The year 2011 was particularly marked by the so-called Arab Spring. Starting with the revolution in Tunisia, protests, uprisings and revolutions in the Arab world were directed against the authoritarian regimes and the political and social structures of these countries in several states in the Middle East (Mashrek / Arabian Peninsula) and in North Africa (Maghreb). With a successful independence referendum, the new state of South Sudan, which is from now on independent from the Muslim north and with a predominantly Christian-oriented population, emerged in Africa.
The year was also marked by the Tōhoku earthquake and tsunami on March 11th. As a result of the natural disaster, a series of serious accidents occurred in several reactor blocks at the Japanese Fukushima I nuclear power plant.
Politics and world events
The group of eight met from May 26th to 27th for the 37th G8 summit in Deauville. Important topics of the meeting were the support of the Arab Spring, as well as - in view of the nuclear disaster in Fukushima - the future handling of nuclear power.
With the UN Climate Change Conference in Durban, the 17th Conference of the States Parties to the United Nations Framework Convention on Climate Change (COP 17) and the seventh meeting under the Kyoto Protocol (CMP 7) took place in South Africa from November 28 to December 11 .
In addition to the series of protests, uprisings and revolutions in northern Africa known as the Arab Spring, the government crisis in Ivory Coast and the independence of South Sudan in particular attracted worldwide attention.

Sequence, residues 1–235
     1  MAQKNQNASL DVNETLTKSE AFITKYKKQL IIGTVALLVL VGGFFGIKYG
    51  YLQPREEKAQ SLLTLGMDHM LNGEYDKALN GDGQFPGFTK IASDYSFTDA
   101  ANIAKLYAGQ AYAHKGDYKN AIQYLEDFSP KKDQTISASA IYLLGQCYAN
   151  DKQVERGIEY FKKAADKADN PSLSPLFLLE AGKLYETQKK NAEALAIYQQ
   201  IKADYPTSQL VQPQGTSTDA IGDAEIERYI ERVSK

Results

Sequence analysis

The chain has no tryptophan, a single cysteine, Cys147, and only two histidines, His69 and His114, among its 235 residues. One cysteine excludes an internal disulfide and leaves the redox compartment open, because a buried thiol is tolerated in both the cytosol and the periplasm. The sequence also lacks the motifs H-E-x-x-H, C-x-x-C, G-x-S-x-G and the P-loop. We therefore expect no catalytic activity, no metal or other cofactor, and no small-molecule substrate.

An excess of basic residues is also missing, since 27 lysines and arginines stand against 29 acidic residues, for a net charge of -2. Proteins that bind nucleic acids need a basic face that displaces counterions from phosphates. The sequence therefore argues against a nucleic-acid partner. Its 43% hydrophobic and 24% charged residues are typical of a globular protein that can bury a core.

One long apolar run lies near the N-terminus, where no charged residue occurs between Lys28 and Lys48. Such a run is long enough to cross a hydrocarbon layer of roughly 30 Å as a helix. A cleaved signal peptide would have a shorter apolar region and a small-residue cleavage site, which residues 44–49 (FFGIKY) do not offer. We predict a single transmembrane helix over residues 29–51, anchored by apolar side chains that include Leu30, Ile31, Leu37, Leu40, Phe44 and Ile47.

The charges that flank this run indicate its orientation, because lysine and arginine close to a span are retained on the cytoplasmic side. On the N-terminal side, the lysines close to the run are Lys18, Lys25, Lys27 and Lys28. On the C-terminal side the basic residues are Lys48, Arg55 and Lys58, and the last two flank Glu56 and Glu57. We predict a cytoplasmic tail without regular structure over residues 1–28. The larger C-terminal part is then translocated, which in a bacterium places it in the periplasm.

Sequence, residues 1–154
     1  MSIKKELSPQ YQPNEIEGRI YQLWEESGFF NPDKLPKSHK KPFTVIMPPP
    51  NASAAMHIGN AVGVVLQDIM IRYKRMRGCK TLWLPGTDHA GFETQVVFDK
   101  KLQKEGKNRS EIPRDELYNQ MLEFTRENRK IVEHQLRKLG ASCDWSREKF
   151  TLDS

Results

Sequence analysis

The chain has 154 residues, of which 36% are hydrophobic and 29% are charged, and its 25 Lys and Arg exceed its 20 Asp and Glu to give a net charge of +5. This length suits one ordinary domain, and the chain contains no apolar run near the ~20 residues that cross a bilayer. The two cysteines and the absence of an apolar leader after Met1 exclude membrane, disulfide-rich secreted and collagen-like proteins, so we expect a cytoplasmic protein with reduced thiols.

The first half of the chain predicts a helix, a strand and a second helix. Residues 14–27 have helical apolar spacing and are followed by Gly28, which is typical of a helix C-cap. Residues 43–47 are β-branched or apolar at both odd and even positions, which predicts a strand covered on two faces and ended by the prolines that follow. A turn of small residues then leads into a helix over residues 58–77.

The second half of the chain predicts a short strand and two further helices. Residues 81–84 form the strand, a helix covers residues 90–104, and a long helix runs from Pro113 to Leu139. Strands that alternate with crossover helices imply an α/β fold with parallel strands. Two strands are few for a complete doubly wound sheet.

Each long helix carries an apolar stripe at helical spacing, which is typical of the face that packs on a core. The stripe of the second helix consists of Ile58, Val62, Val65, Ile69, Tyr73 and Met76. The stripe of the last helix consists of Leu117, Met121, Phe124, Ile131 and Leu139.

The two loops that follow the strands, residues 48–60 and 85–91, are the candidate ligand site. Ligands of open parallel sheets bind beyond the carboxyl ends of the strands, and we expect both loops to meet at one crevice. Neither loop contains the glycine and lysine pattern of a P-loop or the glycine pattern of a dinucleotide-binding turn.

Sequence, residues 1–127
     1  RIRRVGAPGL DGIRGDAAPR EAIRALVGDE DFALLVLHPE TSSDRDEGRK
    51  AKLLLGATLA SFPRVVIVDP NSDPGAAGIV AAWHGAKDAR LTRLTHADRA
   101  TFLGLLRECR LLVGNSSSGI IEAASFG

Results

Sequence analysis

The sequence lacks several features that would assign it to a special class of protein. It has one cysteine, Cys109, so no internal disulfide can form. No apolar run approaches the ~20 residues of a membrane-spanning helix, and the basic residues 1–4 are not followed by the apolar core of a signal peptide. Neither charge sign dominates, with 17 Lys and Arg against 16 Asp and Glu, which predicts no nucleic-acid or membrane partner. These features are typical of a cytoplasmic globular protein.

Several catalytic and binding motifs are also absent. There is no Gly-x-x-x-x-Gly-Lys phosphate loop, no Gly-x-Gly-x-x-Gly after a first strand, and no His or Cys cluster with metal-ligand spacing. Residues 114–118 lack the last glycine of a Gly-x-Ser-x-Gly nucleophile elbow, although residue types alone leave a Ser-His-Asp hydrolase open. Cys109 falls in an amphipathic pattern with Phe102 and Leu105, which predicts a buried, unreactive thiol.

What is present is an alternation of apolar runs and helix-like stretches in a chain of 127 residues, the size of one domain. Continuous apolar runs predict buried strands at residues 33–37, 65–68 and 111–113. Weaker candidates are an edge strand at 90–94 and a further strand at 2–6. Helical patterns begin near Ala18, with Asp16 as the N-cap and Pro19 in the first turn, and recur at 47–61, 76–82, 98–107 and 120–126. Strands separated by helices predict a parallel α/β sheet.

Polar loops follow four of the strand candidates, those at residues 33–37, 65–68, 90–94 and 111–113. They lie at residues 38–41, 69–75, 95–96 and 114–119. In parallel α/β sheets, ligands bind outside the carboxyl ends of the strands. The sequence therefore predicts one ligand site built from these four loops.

In the Horn of Africa, due to two seasonal, particularly low-precipitation rain seasons, a hunger crisis arose which, according to international organizations, currently threatens 11.5 million people (including 760,000 refugees) in Somalia, Ethiopia, Kenya and Djibouti. Eritrea and other East African countries are also affected.
In the presidential elections, which took place in Benin on March 13th after two postponements, the previous incumbent Boni Yayi was confirmed with over 50 percent. The parliamentary elections have also been postponed from their original date to April 30th. The Forces Cauris pour un Bénin Emergent emerged as the winner with 41 out of 83 seats. Pascal Koupaki became prime minister.
Democratic Republic of the Congo
In the United Nations Human Development Index, the Democratic Republic of the Congo ranked last (187th) in 2011.
The election of the President and Parliament caused controversial arguments in advance. According to the opposition, the re-election of the incumbent, Joseph Kabila, was favored by a previously adopted change in the electoral modalities. Because of the thousands of double registrations, there were numerous demonstrations and several violent clashes, which continued even after the election. Security forces killed 24 people between the election date and December 22, according to Human Rights Watch. Between December 9 and 14, 20 people died in Kinshasa alone.
In 2011, Djibouti suffered from the hunger crisis that threatened the people of the Horn of Africa. In June, around 117,000 people were dependent on humanitarian and food aid. Influenced by the Arab Spring and a constitutional amendment that allowed President Ismail Omar Guelleh his third term in the upcoming elections, numerous protests took place between January and March, but most of them ended by massive incarcerations. In the presidential election on April 8th, Guelleh was re-elected with 80% of the votes cast and sworn in on May 3rd.
The political events in Ivory Coast were mainly v